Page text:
Use Lightroom masks for pure white backgrounds.

So. Recently you may have seen I started to try out product photography to upload to stock websites. Even though I was shooting photos that were on a white background. I had it pointed out to me that the background needs to be absolutely white, not slightly off like mine were. Need to be blown out basically.

So thinking how I was going to achieve this without buying more lights I took to google and realized I could use masking in Lightroom. Learning how to do this. I thought it would be a good Idea to start doing tutorial posts when ever I find something, or what I think is useful for people doing stock photography or photography in general.

To start off your photos need to be taken on a white background.

Lets start off by taking this photo below of some plants.


This is straight from the camera as a raw file. As you can see it was shot on a white back ground but it is slightly grey.

So first off I will edit the image as normal. Not a heavy edit as its stock photos you don’t want to spend ages on photos unless you know its going to sell a lot.

All I have done here is add a little contrast, reduces the highlights, increased the shadows, white and blacks. Then increase the vibrance and saturation to make the colors pop. This has helped a little bit with the white background but there is still a little grey around the edges.


This is where I found masking comes in handy to increase the exposure to make the background true white.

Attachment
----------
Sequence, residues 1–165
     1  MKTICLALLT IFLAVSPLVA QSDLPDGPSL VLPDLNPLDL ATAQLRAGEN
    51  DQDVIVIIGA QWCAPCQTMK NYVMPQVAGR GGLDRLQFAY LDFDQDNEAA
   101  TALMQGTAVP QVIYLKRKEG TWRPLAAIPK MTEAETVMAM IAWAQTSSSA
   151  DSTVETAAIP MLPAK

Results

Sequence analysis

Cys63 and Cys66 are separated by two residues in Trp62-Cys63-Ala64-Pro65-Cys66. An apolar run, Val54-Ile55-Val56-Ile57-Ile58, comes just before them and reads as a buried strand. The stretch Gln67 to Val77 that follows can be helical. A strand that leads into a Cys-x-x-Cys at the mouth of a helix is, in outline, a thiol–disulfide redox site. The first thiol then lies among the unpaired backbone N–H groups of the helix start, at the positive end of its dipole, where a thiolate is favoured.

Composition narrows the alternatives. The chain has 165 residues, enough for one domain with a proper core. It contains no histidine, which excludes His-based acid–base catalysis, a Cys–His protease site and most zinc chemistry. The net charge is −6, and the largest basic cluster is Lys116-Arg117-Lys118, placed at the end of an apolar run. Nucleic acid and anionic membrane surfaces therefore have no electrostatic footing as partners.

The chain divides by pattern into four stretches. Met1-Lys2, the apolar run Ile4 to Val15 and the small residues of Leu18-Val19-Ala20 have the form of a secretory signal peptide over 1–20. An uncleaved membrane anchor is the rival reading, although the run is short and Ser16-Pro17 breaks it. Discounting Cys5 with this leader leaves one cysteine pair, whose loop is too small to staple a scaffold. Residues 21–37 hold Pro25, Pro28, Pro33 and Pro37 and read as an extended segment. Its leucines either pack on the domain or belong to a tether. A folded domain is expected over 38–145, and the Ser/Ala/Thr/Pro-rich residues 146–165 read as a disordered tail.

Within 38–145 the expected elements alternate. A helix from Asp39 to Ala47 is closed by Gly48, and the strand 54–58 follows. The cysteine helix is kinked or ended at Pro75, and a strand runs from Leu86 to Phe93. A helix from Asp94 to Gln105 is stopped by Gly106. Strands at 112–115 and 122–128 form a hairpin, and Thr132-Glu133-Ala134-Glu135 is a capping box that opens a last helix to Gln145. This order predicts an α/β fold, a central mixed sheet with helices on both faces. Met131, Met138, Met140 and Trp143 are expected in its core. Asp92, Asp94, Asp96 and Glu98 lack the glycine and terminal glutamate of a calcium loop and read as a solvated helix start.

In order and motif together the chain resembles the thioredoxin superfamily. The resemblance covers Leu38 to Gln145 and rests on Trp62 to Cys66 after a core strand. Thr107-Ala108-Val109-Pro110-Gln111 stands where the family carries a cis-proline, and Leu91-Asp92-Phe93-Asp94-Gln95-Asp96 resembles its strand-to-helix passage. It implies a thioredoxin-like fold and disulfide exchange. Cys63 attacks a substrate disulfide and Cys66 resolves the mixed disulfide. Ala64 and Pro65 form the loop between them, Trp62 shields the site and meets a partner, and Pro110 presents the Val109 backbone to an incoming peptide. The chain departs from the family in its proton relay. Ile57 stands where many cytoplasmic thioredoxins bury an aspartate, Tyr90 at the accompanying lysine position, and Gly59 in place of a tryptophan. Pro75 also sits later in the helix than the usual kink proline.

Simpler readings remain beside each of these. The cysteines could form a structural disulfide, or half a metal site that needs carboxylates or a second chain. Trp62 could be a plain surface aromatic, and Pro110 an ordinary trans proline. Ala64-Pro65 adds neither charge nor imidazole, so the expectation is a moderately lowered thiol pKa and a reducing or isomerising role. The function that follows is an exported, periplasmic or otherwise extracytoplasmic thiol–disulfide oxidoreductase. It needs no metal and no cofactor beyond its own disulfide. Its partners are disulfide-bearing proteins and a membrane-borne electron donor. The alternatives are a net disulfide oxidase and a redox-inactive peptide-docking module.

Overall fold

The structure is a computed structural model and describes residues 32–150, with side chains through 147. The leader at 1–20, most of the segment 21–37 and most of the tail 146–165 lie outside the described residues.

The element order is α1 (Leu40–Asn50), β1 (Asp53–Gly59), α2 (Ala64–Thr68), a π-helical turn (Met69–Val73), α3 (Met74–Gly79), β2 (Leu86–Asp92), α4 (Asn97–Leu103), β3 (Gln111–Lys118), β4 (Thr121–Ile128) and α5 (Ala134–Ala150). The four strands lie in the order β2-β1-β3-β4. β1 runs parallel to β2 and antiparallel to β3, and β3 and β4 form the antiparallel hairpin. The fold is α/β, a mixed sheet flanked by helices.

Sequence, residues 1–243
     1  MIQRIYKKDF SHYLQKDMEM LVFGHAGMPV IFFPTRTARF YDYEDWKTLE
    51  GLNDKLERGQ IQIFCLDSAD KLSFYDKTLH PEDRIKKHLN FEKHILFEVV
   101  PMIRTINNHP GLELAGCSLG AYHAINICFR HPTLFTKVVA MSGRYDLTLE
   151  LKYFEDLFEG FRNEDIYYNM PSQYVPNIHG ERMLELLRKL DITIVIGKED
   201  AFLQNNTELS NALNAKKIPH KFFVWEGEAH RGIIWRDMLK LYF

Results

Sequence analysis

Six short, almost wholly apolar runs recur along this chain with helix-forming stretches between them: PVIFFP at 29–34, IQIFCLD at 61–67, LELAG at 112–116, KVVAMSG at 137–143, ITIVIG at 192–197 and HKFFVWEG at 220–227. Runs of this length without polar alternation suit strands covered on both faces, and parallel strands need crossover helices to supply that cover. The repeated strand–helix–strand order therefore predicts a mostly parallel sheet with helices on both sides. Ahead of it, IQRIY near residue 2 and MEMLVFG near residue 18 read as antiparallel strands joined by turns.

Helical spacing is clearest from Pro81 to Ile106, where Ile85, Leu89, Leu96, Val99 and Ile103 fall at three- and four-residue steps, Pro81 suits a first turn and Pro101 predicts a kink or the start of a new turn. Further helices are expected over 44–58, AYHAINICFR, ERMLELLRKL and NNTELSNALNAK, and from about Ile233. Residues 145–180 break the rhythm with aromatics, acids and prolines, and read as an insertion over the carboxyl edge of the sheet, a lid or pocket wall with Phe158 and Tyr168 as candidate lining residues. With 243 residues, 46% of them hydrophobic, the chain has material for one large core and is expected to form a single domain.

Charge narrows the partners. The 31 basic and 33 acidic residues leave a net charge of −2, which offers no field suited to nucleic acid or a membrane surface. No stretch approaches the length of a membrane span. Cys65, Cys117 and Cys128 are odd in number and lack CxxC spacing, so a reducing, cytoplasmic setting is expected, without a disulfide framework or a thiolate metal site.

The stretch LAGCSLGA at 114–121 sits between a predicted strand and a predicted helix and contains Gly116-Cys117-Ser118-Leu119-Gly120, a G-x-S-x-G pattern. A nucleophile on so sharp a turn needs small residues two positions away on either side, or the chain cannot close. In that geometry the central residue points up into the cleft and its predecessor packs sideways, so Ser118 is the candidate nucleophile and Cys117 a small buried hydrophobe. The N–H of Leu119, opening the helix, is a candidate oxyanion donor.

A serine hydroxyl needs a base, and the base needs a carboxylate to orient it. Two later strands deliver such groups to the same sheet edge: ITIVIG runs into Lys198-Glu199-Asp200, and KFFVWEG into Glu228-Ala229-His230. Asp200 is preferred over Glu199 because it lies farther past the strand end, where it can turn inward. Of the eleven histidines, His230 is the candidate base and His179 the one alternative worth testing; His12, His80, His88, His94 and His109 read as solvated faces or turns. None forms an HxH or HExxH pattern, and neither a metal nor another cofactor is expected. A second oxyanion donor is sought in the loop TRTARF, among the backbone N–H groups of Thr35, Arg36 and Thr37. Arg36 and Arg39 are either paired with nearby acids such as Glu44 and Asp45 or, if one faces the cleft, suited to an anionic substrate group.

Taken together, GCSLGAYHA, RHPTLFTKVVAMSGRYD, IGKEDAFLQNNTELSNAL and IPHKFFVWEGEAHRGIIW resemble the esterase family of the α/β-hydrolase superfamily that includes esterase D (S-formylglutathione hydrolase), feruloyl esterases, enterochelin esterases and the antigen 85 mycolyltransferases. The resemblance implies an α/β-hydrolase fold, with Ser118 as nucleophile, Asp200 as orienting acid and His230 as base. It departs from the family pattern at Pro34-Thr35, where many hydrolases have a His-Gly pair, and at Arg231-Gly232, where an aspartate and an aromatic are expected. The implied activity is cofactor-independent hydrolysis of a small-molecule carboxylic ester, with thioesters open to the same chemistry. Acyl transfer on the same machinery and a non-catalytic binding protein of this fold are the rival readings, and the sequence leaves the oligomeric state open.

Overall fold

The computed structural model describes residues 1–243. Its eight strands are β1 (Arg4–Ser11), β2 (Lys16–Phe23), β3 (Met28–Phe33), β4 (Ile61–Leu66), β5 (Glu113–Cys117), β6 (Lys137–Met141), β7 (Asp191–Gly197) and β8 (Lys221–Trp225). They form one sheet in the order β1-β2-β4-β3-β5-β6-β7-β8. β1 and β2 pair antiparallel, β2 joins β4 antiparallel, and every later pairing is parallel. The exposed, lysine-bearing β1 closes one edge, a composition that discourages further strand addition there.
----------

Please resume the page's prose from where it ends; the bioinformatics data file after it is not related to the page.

Pressing (K) on your keyboard enables the adjustment bush so you can apply your mask. If you are unable to see the red brush strokes hit (O) on your keyboard so you can see where you are painting on your image. Hit (O) again so you can see the affects of what you are applying. Then hit done when you are happy with the result.

I painted everywhere I need to be pure white. Making sure I did not go over the object. I have feathering at 100 so that there is no harsh lines between the painted and unpainted area when the masking is applied. Then I boost the exposure so the whites are peaking on the histogram. You may need to play around to see how far you need to increase.

As you can see from the before and after above. The masking within Lightroom has isolated the objects more and removed the grey from the background.

Simple as that.

I hope this has been a helpful read or if there needs to be more info on the matter please get in touch.

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